Continuing on our Risk Journeys, this week we sat down to talk with Axio’s founder, David White. We covered key points in Axio’s provenance as well as stories of empowering security leaders to take charge of their cybersecurity program.
It all started at the birthplace of cybersecurity
So many things to talk about! How about we start with your background in cyber risk before Axio was born?
Before starting Axio, I was at the Software Engineering Institute CERT program, which is part of Carnegie Mellon University. As a federally funded research and development center, we had the mission to provide resources to the government and private sector that were not available elsewhere. Our work was forward-thinking. Building cybersecurity guidance and models was one of the many projects I got to work on.
Many people call CERT the birthplace of cybersecurity. Did you have any interactions advising on executives in the private sector on cyber risk as they dealt with issues affecting their enterprises?
At the Institute, I co-authored a model and book called the CERT-RMM for Resilience Management Model — that work treats operational risk management as the umbrella for cybersecurity. Around that time, I also served as the chief architect for the Smart Grid Maturity Model — a collaboration with IBM and the US Department of Energy. We did a lot of piloting and development not only with federal agencies but also with private sector entities like Lockheed Martin and numerous electric utilities. It was through the work with Lockheed Martin that I met Nader Mehravari and Bill David – both of whom now work for Axio.
Helping Security Leaders Think in Dollars and Sense
So it seems you’ve been involved with creating cyber risk frameworks for a very long time. Tell us a bit about the transition of leaving the Institute to create Axio?
It’s a long story; I’ll just cover a few memorable points. In 2012, I was asked by the Department of Energy to serve as the chief architect for the development of the Cybersecurity Capability Maturity Model or C2M2 — a cybersecurity and cyber risk management model that is widely used in the energy and other critical infrastructure sectors. The C2M2 is based on the same ideas we had developed for the Resilience Management Model and a lot of great input and insights from the utilities that volunteered to participate in the C2M2 development. The C2M2 was built to be an easy-to-use instrument for driving cybersecurity improvement in organizations of all sizes.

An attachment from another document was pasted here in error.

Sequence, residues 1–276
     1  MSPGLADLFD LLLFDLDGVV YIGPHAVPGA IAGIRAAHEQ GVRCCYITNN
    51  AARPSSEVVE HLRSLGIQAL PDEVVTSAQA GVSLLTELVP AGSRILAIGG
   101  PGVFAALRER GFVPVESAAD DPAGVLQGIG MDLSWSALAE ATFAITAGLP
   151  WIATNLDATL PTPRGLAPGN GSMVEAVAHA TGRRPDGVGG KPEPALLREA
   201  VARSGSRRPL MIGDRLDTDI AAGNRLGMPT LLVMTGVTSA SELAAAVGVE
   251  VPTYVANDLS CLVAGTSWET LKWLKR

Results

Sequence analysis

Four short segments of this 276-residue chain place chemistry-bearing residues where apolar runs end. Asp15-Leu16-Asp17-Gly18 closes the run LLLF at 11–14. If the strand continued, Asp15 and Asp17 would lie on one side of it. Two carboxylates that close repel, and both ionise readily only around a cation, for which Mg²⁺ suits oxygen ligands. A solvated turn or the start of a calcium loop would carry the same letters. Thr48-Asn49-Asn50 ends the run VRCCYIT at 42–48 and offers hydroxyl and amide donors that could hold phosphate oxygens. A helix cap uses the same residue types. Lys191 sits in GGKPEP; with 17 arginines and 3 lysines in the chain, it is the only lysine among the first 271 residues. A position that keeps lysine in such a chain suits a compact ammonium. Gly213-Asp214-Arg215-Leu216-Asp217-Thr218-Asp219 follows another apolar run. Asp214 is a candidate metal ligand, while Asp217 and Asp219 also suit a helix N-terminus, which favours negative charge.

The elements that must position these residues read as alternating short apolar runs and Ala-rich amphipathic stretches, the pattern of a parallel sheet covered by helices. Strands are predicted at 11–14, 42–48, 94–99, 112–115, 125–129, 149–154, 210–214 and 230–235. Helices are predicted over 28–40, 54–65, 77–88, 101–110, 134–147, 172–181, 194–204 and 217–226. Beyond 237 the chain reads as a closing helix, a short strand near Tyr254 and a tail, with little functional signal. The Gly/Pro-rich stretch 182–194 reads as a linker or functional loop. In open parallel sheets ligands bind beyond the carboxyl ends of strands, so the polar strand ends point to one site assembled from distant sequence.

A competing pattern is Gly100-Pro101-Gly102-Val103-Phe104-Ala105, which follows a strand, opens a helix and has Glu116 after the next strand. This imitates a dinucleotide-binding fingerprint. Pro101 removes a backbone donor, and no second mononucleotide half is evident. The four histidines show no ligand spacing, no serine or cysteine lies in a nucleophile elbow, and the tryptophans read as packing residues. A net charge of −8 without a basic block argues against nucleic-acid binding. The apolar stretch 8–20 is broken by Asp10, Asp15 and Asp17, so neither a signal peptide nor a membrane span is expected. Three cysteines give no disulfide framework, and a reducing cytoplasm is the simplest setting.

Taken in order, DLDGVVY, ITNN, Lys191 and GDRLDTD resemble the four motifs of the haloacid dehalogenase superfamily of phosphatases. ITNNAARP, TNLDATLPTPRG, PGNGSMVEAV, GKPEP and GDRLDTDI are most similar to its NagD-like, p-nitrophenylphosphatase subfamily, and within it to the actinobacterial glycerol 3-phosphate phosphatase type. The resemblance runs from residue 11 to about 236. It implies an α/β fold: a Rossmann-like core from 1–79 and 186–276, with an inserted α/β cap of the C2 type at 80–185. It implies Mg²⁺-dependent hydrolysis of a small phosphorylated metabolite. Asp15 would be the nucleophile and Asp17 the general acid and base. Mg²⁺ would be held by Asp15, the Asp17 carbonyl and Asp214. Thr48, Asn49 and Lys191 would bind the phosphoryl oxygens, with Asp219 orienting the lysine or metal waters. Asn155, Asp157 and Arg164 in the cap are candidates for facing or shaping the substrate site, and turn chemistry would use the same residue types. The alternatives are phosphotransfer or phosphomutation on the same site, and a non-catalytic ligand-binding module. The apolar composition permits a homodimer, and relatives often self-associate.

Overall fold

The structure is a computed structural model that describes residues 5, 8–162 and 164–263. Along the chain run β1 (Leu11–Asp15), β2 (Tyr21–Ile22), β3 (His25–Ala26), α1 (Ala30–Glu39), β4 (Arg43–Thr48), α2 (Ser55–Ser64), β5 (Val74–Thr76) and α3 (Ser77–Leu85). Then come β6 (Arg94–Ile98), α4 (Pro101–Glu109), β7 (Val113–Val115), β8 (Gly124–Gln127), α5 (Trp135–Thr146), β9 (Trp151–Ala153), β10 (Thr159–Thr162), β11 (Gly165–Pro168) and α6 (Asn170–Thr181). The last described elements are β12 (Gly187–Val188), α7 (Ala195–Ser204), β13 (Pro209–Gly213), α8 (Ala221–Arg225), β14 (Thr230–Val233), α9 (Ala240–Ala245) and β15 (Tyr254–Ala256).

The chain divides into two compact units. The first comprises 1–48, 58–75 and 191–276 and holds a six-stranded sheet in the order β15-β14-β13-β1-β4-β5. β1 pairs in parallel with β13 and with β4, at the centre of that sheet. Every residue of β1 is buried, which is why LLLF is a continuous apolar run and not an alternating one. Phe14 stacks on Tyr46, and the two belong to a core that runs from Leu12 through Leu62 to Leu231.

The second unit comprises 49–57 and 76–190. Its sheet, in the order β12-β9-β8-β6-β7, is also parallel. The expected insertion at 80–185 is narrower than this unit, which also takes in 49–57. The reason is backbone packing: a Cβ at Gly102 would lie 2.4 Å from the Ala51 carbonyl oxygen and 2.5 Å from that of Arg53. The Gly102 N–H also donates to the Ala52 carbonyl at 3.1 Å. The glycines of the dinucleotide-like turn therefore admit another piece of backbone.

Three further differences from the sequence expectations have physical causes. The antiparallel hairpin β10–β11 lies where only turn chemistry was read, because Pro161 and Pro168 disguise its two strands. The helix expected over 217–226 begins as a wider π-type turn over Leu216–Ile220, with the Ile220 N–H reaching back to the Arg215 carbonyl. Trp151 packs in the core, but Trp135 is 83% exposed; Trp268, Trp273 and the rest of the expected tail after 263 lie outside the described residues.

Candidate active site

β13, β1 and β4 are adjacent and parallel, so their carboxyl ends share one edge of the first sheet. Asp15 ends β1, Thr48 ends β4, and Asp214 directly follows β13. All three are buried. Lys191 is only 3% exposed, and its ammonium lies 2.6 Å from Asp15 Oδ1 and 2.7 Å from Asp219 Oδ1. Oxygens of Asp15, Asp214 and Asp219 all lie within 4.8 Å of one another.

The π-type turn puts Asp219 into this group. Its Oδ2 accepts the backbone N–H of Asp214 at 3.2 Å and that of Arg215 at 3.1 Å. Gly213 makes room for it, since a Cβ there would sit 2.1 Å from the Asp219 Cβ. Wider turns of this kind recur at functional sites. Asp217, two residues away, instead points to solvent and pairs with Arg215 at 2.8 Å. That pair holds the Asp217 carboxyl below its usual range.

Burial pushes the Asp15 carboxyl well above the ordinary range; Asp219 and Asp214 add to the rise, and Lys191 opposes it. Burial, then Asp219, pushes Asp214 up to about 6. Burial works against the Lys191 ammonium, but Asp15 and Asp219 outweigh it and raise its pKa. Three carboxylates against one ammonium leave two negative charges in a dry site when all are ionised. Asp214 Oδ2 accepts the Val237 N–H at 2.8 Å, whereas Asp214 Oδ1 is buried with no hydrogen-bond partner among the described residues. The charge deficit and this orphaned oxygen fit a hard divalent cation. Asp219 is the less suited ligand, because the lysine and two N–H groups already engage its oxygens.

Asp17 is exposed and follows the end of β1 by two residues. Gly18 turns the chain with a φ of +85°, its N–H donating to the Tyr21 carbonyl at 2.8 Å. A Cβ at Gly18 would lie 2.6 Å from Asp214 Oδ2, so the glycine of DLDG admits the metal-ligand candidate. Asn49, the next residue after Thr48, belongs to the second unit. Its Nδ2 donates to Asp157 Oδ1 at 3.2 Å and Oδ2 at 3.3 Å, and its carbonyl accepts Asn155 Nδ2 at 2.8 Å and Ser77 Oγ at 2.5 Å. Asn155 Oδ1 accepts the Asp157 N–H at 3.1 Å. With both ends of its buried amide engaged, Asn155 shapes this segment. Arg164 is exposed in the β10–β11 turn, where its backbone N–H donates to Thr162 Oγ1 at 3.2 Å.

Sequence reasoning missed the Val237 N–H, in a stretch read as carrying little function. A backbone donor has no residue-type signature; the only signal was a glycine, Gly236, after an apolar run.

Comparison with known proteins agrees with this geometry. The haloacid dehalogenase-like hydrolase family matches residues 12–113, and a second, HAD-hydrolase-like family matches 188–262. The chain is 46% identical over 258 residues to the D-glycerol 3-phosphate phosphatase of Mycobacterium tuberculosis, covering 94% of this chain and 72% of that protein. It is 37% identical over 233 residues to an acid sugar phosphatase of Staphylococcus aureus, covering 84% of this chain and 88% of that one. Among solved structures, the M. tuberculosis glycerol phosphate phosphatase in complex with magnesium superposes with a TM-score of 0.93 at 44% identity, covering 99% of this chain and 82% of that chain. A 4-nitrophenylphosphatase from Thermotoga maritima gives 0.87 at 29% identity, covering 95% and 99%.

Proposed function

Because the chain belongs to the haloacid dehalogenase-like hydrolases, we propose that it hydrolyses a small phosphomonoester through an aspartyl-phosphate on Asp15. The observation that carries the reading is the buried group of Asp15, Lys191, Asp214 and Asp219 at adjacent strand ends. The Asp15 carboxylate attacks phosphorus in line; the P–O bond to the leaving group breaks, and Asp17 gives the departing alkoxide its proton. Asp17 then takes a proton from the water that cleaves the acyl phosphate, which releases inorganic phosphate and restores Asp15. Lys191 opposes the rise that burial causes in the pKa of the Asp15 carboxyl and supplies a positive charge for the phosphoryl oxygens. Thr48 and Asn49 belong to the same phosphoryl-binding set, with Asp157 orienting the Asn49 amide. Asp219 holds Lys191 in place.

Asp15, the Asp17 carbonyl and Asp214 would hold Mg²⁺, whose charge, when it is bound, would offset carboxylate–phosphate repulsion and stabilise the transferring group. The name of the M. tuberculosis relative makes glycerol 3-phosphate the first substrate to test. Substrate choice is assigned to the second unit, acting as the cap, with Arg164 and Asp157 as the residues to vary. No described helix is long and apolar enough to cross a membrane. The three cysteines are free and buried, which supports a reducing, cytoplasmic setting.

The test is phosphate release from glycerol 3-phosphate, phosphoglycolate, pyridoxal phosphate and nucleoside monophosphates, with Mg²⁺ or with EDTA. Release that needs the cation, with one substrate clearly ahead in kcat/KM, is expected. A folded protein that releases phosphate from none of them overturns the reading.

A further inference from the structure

A core tenet of both C2M2 and RMM is that organizations should build a cybersecurity program based on their unique cyber risk exposure and tolerance. I learned so much from collaborating with organizations of all sizes on both projects. One common denominator was the challenge to really understand your risk so that you could make smart plans and wise investments to address it. Organizations needed a straightforward way to understand and be proactive about their cyber risk.
When you say proactive, Quantification comes to mind almost immediately. Considering we just released our white paper on Quantification it’s on everyone’s mind these days! . And we joke a bit that this can be coined (no pun intended) dollars and sense.
Back then (in 2012) do you think security leaders were struggling to understand their biggest potential risks? And more specifically how these various risks could be communicated in a financial way rather than some kind of technology view?
Struggling is too strong an adjective. Cyber risk management was, and often still is one of the less mature aspects of many cybersecurity programs. It’s something that often gets unfairly short-shrifted.
From all my interactions with CISOs and other security leaders while at CERT, I saw how valuable it could be for them to take a risk-based approach in building their cybersecurity program. So, Scott and I started developing a fast and transparent risk quantification method as a way to allow security professionals to quickly identify and analyze risks in a business context.
Now we see analysts like Gartner saying security leaders really need to frame cyber risk in business terms and to provide a business case for cybersecurity. And now with budgets decreasing and cyber threats continuing to rise, making wise decisions about cybersecurity investment is ever more important.
Scott and I had a good instinct back in 2014. We built something that empowers cybersecurity and risk leaders with a clearer view of risk—one that enables them to build a risk-based program. Thanks to the work we started and its evolution with the great team we’ve built at Axio, it has become a lot easier for cybersecurity and risk leaders to build risk-based program.
This concludes episode 1 of Risk Journeys with David White. Stay tuned for the next episode as Dave discusses encounters with security leaders and the Axio workshop experience.